25. D. Sassoon, G. Lyons, W. E. Wright et al., “Expression of two myogenic regulatory factors myogenin and MyoD1 during mouse embryogenesis,” Nature, vol. 341, no. 6240, pp. 303–307, 1989. View at Publisher · View at Google Scholar · View at Scopus
  26. M. A. Rudnicki, P. N. J. Schnegelsberg, R. H. Stead, T. Braun, H. H. Arnold, and R. Jaenisch, “MyoD or Myf-5 is required for the formation of skeletal muscle,” Cell, vol. 75, no. 7, pp. 1351–1359, 1993. View at Publisher · View at Google Scholar · View at Scopus
  27. P. Hasty, A. Bradley, J. H. Morris et al., “Muscle deficiency and neonatal death in mice with a targeted mutation in the myogenin gene,” Nature, vol. 364, no. 6437, pp. 501–506, 1993. View at Publisher · View at Google Scholar · View at Scopus
  28. Y. Nabeshima, K. Hanaoka, M. Hayasaka et al., “Myogenin gene disruption results in perinatal lethality because of severe muscle defect,” Nature, vol. 364, no. 6437, pp. 532–535, 1993. View at Publisher · View at Google Scholar · View at Scopus
  29. L. Kassar-Duchossoy, B. Gayraud-Morel, D. Gomès et al., “Mrf4 determines skeletal muscle identity in Myf5: Myod double-mutant mice,” Nature, vol. 431, pp. 466–471, 2004. View at Publisher · View at Google Scholar · View at Scopus
  30. A. Musaro, M. G. C. de Angelis, A. Germani, C. Ciccareli, M. Molinaro, and B. M. Zani, “Enhanced expression of myogenic regulatory genes in aging skeletal muscle,” Experimental Cell Research, vol. 221, no. 1, pp. 241–248, 1995. View at Publisher · View at Google Scholar · View at Scopus
  31. E. I. Dedkov, T. Y. Kostrominova, A. B. Borisov, and B. M. Carlson, “MyoD and myogenin protein expression in skeletal muscles of senile rats,” Cell and Tissue Research, vol. 311, no. 3, pp. 401–416, 2003. View at Google Scholar · View at Scopus
  32. D. Palacios and P. L. Puri, “The epigenetic network regulating muscle development and regeneration,” Journal of Cellular Physiology, vol. 207, no. 1, pp. 1–11, 2006. View at Publisher · View at Google Scholar · View at Scopus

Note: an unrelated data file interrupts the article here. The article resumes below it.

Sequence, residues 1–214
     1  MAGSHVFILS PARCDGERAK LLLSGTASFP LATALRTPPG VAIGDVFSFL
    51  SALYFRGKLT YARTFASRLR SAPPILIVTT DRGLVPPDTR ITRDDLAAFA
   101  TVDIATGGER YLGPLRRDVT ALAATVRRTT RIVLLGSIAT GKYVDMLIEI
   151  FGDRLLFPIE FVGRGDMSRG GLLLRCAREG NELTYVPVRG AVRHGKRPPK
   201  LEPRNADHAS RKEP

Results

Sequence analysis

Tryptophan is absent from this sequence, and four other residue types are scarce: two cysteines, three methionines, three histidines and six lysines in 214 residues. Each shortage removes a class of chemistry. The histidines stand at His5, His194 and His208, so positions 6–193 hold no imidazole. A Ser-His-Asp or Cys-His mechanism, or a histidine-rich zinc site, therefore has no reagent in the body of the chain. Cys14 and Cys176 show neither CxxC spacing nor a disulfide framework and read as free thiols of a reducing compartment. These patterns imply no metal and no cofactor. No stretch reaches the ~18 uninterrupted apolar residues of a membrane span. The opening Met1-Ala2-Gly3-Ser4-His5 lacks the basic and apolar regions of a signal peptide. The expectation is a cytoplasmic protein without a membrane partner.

33. E. A. Miska, E. Langley, D. Wolf, C. Karlsson, J. Pines, and T. Kouzarides, “Differential localization of HDAC4 orchestrates muscle differentiation,” Nucleic Acids Research, vol. 29, no. 16, pp. 3439–3447, 2001. View at Publisher · View at Google Scholar · View at Scopus
  34. M. Haberland, R. L. Montgomery, and E. N. Olson, “The many roles of histone deacetylases in development and physiology: implications for disease and therapy,” Nature Reviews Genetics, vol. 10, no. 1, pp. 32–42, 2009. View at Publisher · View at Google Scholar · View at Scopus
  35. T. E. Callis, Z. Deng, J.-F. Chen, and D.-Z. Wang, “Muscling through the microRNA world,” Experimental Biology and Medicine, vol. 233, no. 2, pp. 131–138, 2008. View at Publisher · View at Google Scholar · View at Scopus
  36. E. van Rooij, N. Liu, and E. N. Olson, “MicroRNAs flex their muscles,” Trends in Genetics, vol. 24, no. 4, pp. 159–166, 2008. View at Publisher · View at Google Scholar · View at Scopus
  37. A. H. Williams, N. Liu, E. van Rooij, and E. N. Olson, “MicroRNA control of muscle development and disease,” Current Opinion in Cell Biology, vol. 21, no. 3, pp. 461–469, 2009. View at Publisher · View at Google Scholar · View at Scopus
  38. D. P. Bartel, “MicroRNAs: genomics, biogenesis, mechanism, and function,” Cell, vol. 116, no. 2, pp. 281–297, 2004. View at Publisher · View at Google Scholar · View at Scopus